Funnily enough there is an ink called Emerald green in this suite of inks, but I didn’t like the way it was. It was a little too blue for my liking, so that is why I went with the Apple green color.

I wet the crystal and dabbed in some Apple green ink to the crystal.

Blue Ink

The next color in the rainbow is blue. In my stash I have two blue inks namely Cobalt blue and Blue.

For this project I chose the cobalt blue for the blue crystal because I was going to use the other regular blue for the indigo.

With the clean paintbrush I picked up some cobalt ink straight from the pot and put it into the well in my palette.

Next, I wet the image of the crystal and added some cobalt ink into the shape.

Indigo Ink

For my indigo crystal I chose the ink that’s called Blue from the Windsor and Newton inks.

I believe they may have a darker blue as well or a more indigo blue, but I don’t own it, so that’s why I chose the Blue.

It also occurred to me that I could have gone in and used my regular fountain pen dark blue for this project, but that really wasn’t what I was going for.

The idea is that I’m swatching out my Windsor and Newton drawing inks.

Next I wet the crystal and then added some dabs of blue ink for the indigo crystal.

Violet Ink

For the seventh and final crystal which is going to be Violet, I chose the ink which is called Violet which is great.

In my general ink collection, I do have a purple as well which is far darker, so this Violet was a great choice for the Violet crystal.

This will be the amethyst crystal which I must say is one of my absolute favorite crystals.

For this final crystal I wet the paper and with a clean paintbrush I picked up some of the amethyst ink out of the ink pot and I dropped it into the well in my palette.

In this way I could see what I was doing I wet the image and then I gently dabbed some Violet ink into the final crystal.

Gold ink

Titles

Below each crystal I wrote the shape name, the crystal form and the name of the ink color which I used for that crystal.

Gold Ink

Because I always seem to add some gold to all the images I do, I decided I would as well this time.

After all, why not?

I got out my gold ink and with a clean paint brush and straight form the ink pot I put some glimmer and shimmer onto each of the crystals.

Conclusion

I’m very happy with the final artwork.

I truly believe that doing a color swatch doesn’t have to be boring.

To add some more interest to a swatch makes sense to me.

There are other ways to do this without even doing crystals.

Perhaps you could do fruit where you would have a red fruit and an orange fruit and a yellow fruit and, in the end, you have created a delightful little artwork as well.

I know that making swatches is a valuable part of an artist’s practice, but swatches don’t have to be humdrum.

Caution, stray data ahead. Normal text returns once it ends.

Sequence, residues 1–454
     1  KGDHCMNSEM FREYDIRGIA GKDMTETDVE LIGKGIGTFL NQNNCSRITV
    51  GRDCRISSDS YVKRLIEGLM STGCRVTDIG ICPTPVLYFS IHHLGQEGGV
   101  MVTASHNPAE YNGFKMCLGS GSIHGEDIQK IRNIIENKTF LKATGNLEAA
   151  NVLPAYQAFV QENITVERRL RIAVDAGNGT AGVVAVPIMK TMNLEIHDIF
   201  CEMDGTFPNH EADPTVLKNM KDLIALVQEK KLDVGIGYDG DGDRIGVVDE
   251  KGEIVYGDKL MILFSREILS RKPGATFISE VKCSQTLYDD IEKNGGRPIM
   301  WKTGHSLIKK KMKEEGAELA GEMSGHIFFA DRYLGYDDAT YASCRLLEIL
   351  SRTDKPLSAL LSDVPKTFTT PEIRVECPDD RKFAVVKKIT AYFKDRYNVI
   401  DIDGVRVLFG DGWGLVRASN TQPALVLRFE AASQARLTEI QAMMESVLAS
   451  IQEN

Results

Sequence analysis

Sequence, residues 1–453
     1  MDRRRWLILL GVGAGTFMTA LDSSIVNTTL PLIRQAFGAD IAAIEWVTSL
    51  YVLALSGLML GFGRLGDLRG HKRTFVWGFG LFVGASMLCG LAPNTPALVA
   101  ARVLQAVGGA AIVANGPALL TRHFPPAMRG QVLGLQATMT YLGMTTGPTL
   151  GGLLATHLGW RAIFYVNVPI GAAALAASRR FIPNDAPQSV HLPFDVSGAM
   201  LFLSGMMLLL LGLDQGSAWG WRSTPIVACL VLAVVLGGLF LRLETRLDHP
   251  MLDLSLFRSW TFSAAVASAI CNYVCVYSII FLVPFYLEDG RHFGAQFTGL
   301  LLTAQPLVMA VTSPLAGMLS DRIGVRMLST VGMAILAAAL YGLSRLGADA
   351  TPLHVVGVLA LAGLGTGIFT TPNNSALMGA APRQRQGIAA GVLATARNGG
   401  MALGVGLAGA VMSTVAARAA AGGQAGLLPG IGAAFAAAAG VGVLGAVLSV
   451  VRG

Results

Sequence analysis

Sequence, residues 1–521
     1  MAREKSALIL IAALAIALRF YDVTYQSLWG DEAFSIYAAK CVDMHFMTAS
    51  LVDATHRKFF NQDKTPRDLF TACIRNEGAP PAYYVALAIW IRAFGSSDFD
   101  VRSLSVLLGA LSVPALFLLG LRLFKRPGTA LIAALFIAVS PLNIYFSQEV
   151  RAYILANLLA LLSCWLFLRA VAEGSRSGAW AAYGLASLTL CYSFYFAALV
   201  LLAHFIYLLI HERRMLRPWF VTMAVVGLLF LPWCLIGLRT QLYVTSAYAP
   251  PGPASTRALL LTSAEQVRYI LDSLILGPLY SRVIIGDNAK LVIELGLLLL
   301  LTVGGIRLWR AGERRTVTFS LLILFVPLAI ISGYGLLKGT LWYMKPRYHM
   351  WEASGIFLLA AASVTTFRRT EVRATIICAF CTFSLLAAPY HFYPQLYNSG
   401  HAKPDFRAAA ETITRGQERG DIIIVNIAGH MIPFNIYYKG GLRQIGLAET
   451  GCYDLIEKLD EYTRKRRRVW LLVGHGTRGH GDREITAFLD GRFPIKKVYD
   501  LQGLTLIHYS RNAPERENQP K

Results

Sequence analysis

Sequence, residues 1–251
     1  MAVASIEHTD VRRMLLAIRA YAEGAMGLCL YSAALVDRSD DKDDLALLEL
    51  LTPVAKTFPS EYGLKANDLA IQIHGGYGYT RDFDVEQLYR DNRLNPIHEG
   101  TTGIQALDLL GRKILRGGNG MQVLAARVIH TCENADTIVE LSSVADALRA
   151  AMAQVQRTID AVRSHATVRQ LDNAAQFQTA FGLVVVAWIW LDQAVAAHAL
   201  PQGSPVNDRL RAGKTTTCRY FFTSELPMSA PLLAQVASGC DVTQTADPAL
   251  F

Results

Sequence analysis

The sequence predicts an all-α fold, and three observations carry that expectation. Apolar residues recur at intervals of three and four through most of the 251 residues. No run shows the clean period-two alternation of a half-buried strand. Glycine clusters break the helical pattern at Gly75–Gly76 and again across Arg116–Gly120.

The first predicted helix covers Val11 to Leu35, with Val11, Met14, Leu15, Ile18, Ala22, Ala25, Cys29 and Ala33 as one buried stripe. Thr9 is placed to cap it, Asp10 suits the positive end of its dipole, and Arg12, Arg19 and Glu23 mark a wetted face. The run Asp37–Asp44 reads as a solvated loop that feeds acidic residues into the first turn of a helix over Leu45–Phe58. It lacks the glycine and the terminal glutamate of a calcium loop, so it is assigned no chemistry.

Thank you for sharing your day with me.

Alison

Aspiring Artist Activity

For this activity (which you can do with your kids) get your art supplies to hand and your sketchbook and please do the following:

  • Choose your art medium. It could be pencil crayons watercolors or inks it’s up to you.
  • Select the seven colors red, orange, yellow, green, blue, indigo and violet.
  • Using our images as a guide, draw out seven crystal forms. If you find these drawings a bit tricky just work with the small cube first, alternatively you could do fruit.
  • Color in the crystals making sure to have some dark full color at the bottom that fades lighter towards the top.
  • Label each color with the correct color name from your art medium for example cadmium yellow so you know exactly which color you used.
  • Write a title on your swatch so you will know exactly which medium you used whether it was your Faber Castell polychromos crayons, your watercolor paints, or your Winsor and Newton drawing inks.

Share Your Artwork

You can share your artwork on social so everyone can see what you created.

If you add the hashtag #AHAactivity I can find your work as well.

More Articles

Here are some more articles for you to have a look at about the different types of art and other cool stuff we do on this blog.

AHAtober – Inktober for Self-care

AHAtober – Inktober for Self-care

Introduction

Inktober is an art movement devised by Jake Parker way back in 2009.

To do Inktober you draw one ink artwork for every day of October. 

At the end you have thirty-one artworks.

Inktober Prompts

Each year the official Inktober prompts are published which you can follow.

Many artists and creators devise their own prompts depending on the type of art or interests they have.

For instance, there is the Starztober challenge for astrologers.

The Inktober artworks are drawn in ink thus it is called Inktober and not Paintober.